Nevada Women's Film Festival

The Nevada Women's Film Festival returns to Las Vegas March 21-24, 2019

 

Welcome to the 5th Annual Nevada Women's Film Festival! 

NWFFest takes place each March in fabulous Las Vegas. This year we return to the Eclipse Theaters with exciting new programming. Come celebrate our 5th year with us and support creative and courageous women from all over the globe.

 

 

The festivities kick-off Thursday evening with our Nevada Woman of Achievement recipient, the multi-talented international star, Susan AntonMorning Blend’s JJ Snyder will sit down with Susan for an intriguing conversation about her incredible career appearing in hundreds of film, television and stage productions. Susan speaks truth to power and we are excited to hear more. Our reception that evening is sponsored by UNLV's Boyd School of Law.

Our programming lineup this year includes 45 diverse films from ten countries, ranging from comedy, drama, doc, animation, experimental and horror. Local filmmakers, including UNLV & NSC students, will be highlighted. Our Filmmakers’ Welcome Reception Friday evening will introduce our visitors to our creative local community.

The Vanguard Award this year goes to our featured guest filmmakers, Jordana Spiro & Angelica Nwandu. On Saturday we will screen their critically acclaimed project, Night Comes On, followed by a conversation with these pioneering filmmakers and Q&A session, hosted by Danette Tull.

Also on Saturday, we are pleased to present our panel event: Sages of a New Age: How Social Media and Film IntersectIn this new age of technology, film is ever evolving. Social media plays a role in filmmaking in a way we have never seen before.  A team of distinguished panelists including female filmmakers, film festival directors, film distributors and communication experts discuss the way social media and film intersect.  Our esteemed moderator, Dr. Heather Addison, Chair of UNLV’s Department of Film, will lead the discussion.

NWFFest concludes on Sunday with the 5thth Annual Femmy Awards, a ceremony honoring our most outstanding filmmakers. Awards will include the Spirit of Activism, Best Female Protagonist, Best Animation, Best Nevada FilmmakerOutstanding LBGTQ-themed, as well as student filmmaker, fiction and documentary awards.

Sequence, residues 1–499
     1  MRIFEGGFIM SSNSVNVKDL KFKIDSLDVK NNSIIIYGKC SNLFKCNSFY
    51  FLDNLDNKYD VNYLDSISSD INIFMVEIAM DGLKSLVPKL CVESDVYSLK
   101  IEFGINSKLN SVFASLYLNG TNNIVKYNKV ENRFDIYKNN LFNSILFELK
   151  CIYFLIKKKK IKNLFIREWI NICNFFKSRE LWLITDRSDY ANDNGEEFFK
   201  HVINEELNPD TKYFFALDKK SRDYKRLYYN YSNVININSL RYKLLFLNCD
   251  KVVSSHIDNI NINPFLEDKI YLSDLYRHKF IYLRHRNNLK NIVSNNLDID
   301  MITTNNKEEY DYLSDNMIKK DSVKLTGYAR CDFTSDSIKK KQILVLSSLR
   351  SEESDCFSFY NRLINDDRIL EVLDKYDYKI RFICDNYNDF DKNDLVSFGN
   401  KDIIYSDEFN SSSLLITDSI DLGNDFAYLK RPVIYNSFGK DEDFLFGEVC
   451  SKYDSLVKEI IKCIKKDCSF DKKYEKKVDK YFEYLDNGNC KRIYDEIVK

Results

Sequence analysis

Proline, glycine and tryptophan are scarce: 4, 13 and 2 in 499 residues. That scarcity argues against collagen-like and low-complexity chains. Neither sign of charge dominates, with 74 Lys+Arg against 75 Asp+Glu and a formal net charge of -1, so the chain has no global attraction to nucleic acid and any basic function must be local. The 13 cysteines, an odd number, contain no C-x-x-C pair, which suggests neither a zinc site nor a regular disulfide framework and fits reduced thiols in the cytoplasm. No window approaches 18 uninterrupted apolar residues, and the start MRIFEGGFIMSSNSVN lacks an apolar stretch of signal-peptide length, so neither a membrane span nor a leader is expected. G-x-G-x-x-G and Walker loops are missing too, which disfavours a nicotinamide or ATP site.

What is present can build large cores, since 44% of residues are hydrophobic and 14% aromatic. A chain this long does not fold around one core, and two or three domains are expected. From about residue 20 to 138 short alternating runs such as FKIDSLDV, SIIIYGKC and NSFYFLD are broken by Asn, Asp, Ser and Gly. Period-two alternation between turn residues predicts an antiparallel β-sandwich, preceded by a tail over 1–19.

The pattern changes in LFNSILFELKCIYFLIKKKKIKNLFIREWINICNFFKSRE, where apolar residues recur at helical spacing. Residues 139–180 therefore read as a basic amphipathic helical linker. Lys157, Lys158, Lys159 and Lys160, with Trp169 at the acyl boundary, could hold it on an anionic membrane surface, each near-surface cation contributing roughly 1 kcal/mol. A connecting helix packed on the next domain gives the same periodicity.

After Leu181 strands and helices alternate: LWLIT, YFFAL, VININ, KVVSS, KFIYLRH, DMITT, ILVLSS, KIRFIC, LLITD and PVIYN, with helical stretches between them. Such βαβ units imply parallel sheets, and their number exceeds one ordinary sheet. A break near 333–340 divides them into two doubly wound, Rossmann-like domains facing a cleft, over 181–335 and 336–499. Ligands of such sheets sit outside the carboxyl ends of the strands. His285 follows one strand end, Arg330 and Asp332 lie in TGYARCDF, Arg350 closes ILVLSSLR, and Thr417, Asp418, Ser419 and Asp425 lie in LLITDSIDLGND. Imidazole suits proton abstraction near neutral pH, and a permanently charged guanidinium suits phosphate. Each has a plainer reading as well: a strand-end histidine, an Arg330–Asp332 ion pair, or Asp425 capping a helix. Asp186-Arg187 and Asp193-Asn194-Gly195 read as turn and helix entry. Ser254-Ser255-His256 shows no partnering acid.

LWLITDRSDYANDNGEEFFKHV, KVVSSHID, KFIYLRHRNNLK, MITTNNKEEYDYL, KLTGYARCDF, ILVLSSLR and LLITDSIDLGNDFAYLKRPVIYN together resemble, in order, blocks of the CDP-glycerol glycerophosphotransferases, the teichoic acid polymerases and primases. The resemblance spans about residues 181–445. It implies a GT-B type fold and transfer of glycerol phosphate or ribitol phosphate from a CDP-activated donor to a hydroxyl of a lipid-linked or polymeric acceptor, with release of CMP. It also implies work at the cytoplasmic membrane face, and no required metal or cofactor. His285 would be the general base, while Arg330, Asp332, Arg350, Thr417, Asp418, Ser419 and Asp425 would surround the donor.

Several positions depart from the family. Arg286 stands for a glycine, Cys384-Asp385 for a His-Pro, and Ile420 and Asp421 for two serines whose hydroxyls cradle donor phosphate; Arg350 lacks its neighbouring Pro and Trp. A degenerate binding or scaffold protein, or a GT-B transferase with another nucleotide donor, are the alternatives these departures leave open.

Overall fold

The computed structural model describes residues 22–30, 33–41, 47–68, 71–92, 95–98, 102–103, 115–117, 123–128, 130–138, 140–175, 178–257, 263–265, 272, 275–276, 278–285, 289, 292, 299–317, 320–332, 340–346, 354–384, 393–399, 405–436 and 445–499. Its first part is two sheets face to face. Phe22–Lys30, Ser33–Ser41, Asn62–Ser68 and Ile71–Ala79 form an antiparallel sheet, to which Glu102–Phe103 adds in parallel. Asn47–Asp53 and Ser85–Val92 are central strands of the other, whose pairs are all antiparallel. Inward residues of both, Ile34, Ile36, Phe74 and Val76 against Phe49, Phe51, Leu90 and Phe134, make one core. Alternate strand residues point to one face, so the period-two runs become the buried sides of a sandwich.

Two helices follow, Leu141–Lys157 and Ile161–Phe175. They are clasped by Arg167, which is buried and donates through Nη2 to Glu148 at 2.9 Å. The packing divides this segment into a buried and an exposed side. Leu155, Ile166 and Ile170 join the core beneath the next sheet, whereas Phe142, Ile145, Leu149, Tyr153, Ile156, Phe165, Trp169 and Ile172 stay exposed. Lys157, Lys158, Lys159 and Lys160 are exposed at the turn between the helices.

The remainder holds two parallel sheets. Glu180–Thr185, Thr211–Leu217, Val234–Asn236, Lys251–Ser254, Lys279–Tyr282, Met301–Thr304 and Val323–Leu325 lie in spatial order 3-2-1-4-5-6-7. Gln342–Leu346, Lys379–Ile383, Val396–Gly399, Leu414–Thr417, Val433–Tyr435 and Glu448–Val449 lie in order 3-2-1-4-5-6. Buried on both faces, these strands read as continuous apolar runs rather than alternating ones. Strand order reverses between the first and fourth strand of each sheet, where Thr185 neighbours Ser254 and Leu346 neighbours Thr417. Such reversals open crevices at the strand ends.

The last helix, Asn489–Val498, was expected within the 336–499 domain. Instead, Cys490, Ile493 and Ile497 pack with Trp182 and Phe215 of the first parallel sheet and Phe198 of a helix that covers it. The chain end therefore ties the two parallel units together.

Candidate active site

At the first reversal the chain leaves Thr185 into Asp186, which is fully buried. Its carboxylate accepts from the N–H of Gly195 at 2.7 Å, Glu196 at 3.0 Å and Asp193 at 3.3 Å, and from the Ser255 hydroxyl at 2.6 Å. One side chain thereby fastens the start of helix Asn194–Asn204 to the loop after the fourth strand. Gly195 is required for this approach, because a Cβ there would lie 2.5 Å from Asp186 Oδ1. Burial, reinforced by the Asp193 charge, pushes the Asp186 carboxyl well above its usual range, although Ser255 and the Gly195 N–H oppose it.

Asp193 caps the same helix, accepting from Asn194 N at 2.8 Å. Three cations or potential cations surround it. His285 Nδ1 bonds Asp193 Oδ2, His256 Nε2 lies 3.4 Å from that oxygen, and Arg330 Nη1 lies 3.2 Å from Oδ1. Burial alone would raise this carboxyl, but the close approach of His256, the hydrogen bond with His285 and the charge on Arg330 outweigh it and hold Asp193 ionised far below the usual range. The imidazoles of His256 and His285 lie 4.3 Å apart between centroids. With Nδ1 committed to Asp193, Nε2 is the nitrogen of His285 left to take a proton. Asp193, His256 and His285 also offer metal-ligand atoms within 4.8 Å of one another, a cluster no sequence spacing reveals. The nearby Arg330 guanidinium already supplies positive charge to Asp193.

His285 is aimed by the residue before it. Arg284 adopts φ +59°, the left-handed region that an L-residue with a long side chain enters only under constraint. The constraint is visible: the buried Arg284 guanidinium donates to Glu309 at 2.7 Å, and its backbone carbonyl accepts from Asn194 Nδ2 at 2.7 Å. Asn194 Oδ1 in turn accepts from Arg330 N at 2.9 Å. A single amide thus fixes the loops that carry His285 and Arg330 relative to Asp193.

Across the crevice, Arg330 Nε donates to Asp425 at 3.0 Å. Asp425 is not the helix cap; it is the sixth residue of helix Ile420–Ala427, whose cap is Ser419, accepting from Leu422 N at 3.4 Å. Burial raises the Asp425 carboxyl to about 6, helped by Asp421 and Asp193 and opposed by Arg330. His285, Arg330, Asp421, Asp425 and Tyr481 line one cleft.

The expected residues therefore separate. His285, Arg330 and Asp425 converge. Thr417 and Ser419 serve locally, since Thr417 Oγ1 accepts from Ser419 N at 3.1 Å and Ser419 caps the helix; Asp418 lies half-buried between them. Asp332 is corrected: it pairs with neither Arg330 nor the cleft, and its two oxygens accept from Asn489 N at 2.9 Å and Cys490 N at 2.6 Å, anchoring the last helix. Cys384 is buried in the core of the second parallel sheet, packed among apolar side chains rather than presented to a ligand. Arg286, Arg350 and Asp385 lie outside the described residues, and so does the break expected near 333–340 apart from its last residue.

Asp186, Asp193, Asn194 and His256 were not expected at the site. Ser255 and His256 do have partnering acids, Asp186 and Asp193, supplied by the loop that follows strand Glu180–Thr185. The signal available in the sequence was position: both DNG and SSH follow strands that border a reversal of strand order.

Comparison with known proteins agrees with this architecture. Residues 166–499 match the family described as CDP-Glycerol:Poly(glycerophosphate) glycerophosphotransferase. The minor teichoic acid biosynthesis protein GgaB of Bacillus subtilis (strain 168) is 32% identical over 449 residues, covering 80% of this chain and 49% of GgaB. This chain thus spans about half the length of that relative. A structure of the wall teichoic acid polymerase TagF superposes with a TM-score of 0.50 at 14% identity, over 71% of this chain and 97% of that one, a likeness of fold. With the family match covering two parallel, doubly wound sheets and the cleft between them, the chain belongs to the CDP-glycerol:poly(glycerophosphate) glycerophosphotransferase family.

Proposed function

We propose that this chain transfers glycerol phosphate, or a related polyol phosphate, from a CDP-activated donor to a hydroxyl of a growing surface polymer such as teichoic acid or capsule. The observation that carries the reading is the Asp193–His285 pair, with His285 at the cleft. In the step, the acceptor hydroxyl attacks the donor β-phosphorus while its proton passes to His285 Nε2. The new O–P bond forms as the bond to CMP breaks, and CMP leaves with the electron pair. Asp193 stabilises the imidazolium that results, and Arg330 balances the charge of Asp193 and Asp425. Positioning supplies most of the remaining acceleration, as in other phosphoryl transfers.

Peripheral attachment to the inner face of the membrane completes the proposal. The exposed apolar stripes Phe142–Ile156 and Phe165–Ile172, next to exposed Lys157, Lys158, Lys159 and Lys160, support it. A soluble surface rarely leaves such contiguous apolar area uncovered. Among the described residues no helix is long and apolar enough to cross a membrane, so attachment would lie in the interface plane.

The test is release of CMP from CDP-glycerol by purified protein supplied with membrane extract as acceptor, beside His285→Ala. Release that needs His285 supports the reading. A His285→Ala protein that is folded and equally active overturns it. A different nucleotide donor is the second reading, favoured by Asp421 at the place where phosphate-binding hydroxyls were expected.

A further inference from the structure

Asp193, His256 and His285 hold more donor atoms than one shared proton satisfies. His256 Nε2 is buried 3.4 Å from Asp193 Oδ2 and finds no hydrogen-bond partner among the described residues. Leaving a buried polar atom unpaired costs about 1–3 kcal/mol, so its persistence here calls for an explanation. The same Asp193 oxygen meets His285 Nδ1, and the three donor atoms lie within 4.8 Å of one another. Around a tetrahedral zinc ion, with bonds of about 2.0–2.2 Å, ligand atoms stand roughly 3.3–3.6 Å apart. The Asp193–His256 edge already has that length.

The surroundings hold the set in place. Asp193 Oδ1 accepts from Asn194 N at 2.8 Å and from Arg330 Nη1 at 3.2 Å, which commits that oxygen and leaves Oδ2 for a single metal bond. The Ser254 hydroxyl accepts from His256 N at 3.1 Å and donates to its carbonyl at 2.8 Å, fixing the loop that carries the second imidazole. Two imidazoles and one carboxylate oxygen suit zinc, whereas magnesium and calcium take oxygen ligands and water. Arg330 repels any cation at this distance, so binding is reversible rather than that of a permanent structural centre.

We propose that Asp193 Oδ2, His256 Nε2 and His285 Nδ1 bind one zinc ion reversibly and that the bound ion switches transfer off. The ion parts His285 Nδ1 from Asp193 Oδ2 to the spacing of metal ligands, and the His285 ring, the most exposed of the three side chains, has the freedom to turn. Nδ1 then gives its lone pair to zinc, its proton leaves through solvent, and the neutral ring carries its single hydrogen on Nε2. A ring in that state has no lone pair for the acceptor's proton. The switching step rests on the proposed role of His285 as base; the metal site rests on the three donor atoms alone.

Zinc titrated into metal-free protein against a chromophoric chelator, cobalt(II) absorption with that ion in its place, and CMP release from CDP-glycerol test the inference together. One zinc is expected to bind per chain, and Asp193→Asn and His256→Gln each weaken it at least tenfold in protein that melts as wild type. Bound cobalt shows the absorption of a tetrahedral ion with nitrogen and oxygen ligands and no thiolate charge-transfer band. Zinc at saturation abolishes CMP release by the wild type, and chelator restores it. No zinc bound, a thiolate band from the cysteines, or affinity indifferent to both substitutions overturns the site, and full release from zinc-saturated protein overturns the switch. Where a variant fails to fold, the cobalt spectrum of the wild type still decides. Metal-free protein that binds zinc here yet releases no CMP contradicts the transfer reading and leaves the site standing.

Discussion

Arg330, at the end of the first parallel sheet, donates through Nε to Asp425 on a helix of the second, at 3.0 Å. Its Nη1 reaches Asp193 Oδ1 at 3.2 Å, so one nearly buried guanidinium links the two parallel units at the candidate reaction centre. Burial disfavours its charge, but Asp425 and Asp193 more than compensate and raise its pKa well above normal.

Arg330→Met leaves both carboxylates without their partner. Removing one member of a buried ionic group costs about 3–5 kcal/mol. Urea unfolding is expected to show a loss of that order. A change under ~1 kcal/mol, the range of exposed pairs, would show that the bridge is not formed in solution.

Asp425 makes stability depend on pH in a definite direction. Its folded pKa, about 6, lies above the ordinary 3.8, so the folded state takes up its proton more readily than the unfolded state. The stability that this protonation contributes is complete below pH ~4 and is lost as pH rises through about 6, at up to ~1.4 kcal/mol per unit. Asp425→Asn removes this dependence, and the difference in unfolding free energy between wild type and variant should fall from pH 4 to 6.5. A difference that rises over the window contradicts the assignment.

Please view programming info here, schedule of events here and ticketing info here.

Book your stay at the Plaza Hotel by February 19th for best rates with this link.

And please remember to join the conversation on social media :)

Cheers,

Nikki Corda​​, Executive Director & Founder

NWFFest is a project of the Nevada Women's Film Collective, a nonprofit organization of film professionals and academics from around the community. The mission of NWFFest is to celebrate and support the fair representation of women in film.

NWFFest PRESS

The fourth annual Nevada Women’s Film Festival at Eclipse Theaters in Downtown Las Vegas exemplified their mission statement — “To celebrate and support the fair representation of women in film” — through a variety of short films, documentary features, a panel discussion and an awards ceremony...

NWFFest Press

Given everything that’s transpired over the past year, there’s never been a better time to be in the women’s film festival business...

NWFFest Press

At the welcome reception for this year’s Nevada Women’s Film Festival, New York-based director Teddy Schenck marveled at how classy and well-run the festival was in just its fourth year. He wasn’t the only one impressed.

Women Speak OutWomen Speak Out

Women Speak Out

Women Speak Out is our space for NWFFest filmmakers and supporters to voice opinions and ideas about a variety of topics. Check back weekly as our brilliant women speak out.

Images by Cerebral Itch

Are We Censoring Our Humanity?

Destiny Faith Nelson is the NWFFest 2018 Local Filmmaker of the Year for her film, The Trap

I think we’re all guilty of it, myself included. We see someone’s thoughts expressed on a particular subject, usually one opposing our own perspective, and “judgment mode” immediately turns on, it lashes out and harsh negative words are spouted at people we actually care about and/or even other human beings we’ve actually never even met. We assume that this one perspective is the absolute representation of all that is this other human being.

So how would these conversations play out, face-to-face, looking another human being in the eye? Have our eyes been so glossed by the layer of gorilla glass that we’ve forgotten that we are human beings? I often private message those who I’ve opposed on Social Media, to sit down for coffee and talk about it. Some people like the idea, while with others, I hear crickets.

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